2.4. Nitrite oxide measurement
NO accumulation in cells was determined using Griess reagent (Promega, Madison, WI, USA). The cells were treated with various concentrations of YYJ extracts and stimulated with LPS. After 24-hour incubation, the cell supernatant was mixed with an equal volume of Griess reagent and incubated in the dark for 10 minutes at 25°C. Then, the absorbance of reaction mixture was measured at 550 nm on a microplate reader (Molecular Devices, Sunnyvale, CA, USA). The NO content was calculated using a sodium nitrite standard curve.
2.5. PGE2 production
After treating RAW 264.7 cells with LPS and YYJ extracts, cell supernatants were obtained. PGE2 was measured using an ELISA kit according to the manufacturer’s instructions (Abcam, Cambridge, MA, USA). Briefly, diluted cell supernatant was added to a 96-well plate and incubated for 2 hours. Then, the plate was washed using washing buffer and the color was developed by adding p-nitrophenyl phosphate substrate. After 45 minutes, stop solution was added and the PGE2 content was calculated using a PGE2 standard curve.
2.6. Real-time reverse transcription polymerase chain reaction analysis
To determine iNOS and COX-2 mRNA expression levels, real-time reverse transcription polymerase chain reaction (RT-PCR) was performed using a Rotor-Gene Q real-time thermal cycler (Qiagen, Valencia, CA, USA). RAW 264.7 cells were treated with LPS and YYJ extracts. After incubation for 24 hours, RNA was isolated using an RNA extraction kit (Qiagen). cDNA was synthesized using M-MLV Reverse Transcriptase (Promega). The real-time PCR reaction was performed using 2X SYBR® Green Master Mix (Qiagen) and specific primers for the inflammatory-related genes iNOS and COX-2. All results were normalized to those of the housekeeping gene GAPDH.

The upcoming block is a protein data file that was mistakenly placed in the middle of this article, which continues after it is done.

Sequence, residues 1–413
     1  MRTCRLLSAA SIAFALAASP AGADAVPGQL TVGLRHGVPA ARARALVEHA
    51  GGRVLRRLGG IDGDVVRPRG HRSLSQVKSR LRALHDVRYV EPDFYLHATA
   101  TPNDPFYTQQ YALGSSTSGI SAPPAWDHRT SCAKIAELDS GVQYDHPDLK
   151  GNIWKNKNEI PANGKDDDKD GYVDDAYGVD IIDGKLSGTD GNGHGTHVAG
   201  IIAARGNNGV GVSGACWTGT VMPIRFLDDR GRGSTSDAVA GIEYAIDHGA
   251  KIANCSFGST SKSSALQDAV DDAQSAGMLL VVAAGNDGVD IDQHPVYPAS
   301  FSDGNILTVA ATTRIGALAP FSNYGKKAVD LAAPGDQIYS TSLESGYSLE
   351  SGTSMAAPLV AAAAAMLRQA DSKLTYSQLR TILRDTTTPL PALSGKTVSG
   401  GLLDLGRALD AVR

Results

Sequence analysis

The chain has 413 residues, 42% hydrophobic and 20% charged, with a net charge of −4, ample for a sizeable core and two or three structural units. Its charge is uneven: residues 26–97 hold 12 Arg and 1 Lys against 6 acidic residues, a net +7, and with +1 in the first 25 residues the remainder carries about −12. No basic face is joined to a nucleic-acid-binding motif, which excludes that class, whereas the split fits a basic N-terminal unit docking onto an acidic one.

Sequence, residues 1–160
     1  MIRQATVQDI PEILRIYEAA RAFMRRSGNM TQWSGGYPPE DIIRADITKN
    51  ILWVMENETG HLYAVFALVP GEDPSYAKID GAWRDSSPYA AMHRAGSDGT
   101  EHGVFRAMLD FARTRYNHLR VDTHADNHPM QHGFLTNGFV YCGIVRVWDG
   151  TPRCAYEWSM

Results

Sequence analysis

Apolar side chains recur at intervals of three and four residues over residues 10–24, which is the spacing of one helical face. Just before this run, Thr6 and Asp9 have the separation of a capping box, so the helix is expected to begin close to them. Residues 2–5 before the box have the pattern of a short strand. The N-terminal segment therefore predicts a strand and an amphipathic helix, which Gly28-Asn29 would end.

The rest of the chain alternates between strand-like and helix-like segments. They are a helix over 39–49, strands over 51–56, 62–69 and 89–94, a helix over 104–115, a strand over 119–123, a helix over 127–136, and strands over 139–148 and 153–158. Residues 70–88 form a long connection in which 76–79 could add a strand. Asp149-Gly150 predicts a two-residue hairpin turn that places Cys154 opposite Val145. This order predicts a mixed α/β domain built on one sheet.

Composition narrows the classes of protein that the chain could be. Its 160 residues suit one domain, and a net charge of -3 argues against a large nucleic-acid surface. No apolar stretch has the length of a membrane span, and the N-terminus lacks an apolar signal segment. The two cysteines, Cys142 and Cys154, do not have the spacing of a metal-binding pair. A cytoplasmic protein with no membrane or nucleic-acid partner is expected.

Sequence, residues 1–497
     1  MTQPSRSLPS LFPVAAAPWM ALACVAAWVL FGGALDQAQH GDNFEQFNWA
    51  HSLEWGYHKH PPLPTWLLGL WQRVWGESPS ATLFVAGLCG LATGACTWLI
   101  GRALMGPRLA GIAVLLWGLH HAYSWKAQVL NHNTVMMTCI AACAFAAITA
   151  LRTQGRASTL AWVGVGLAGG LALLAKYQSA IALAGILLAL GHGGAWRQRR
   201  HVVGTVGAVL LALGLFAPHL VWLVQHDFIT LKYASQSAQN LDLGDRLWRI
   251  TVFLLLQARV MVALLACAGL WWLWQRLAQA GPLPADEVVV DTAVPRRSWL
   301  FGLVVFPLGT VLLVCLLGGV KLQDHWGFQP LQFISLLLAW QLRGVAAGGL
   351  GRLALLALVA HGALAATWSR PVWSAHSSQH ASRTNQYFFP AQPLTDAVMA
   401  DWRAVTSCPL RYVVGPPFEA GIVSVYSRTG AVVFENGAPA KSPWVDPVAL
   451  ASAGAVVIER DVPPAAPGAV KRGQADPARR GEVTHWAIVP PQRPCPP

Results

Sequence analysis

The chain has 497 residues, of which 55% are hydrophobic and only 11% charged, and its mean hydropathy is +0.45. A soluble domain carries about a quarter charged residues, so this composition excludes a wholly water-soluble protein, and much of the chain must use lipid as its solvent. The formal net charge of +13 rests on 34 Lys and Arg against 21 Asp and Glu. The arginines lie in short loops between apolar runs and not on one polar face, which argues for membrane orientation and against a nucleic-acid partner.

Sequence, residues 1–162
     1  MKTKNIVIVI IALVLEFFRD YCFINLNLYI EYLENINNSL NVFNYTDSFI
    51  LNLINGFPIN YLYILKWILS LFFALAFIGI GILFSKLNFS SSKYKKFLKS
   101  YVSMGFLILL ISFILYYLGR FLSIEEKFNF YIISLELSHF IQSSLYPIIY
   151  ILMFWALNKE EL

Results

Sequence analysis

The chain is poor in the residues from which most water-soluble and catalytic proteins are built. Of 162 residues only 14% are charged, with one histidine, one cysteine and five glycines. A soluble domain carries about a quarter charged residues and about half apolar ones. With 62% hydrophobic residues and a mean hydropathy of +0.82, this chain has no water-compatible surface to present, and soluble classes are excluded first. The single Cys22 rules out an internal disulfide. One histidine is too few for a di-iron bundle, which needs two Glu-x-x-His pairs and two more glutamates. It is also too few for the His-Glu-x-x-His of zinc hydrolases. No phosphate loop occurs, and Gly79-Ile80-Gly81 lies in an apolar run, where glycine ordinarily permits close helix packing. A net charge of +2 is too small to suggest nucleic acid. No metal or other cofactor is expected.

2.7. Western blot analysis
YYJ extract-treated cells were lysed in lysis buffer (50 mM Tris-HCl, 150 mM sodium chloride, 0.5% NP-40, 0.5% Triton X-100, 0.1% sodium deoxycholate, and 1 mM ethylenediaminetetraacetic acid) on ice for 40 minutes. The mixture was centrifuged at 12,000g for 20 minutes at 4°C. The cell lysates were separated by 4% to 20% sodium dodecyl sulfate polyacrylamide gel electrophoresis (SDS-PAGE), transferred to polyvinylidene difluoride (PVDF) membranes (Bio-Rad, Hercules, CA, USA), and incubated with the appropriate antibody, such as iNOS, COX-2, p-IκB, p-nuclear factor-kappaB (NF-κB), NF-κB, p-c-Jun N-terminal kinases (p-JNK), p-Akt, p-p38, p-extracellular-signal-regulated kinase (p-ERK), and β-actin (Abcam). Immunodetection was performed using an enhanced chemiluminescence detection kit (Pierce, Rockford, IL, USA); the immune-signals were captured using the ChemiDoc image detector (Bio-Rad).
2.8. Determination of cytokine levels
Tumor necrosis factor-alpha (TNF-α), interleukin (IL)-6, and IL-1β levels in the culture medium of RAW 264.7 cells were quantified using ELISA kits according to the manufacturer’s instructions (R&D Systems, Minneapolis, MN, USA).
2.9. Measurement of NF-κB activity
RAW 264.7 cells were transfected with a p-NF-κB-luciferase vector (Promega) using Lipofectamine 2000 (Invitrogen, Carlsbad, CA, USA). RAW 264.7 cells (5 × 104 cells) were seeded in a 24-well plate and incubated for 24 hours to grow to 80% to 90% confluence. The cells were treated with DNA-TransFast reagent mixture. After 16 hours of incubation, the media in each well was replaced with growth media and the transfection was allowed to proceed for 48 hours. After transfection, cells were treated with YYJ extracts and stimulated with LPS for 1 hour. Luciferase activity was determined by the Dual-Luciferase Reporter Assay System (Promega). Relative luciferase activity was determined by normalizing the firefly luciferase activity to that of the Renilla luciferase.
2.10. Statistical analysis
Statistical analyses were performed with SPSS v12.0 (SPSS, Chicago, IL, USA). All data are expressed as mean ± SEM from three independent experiments, except where indicated. Statistical analysis was determined using the Student’s t-test with p < 0.05 considered as significant.
3.1. Effect of YYJ extract on cell cytotoxicity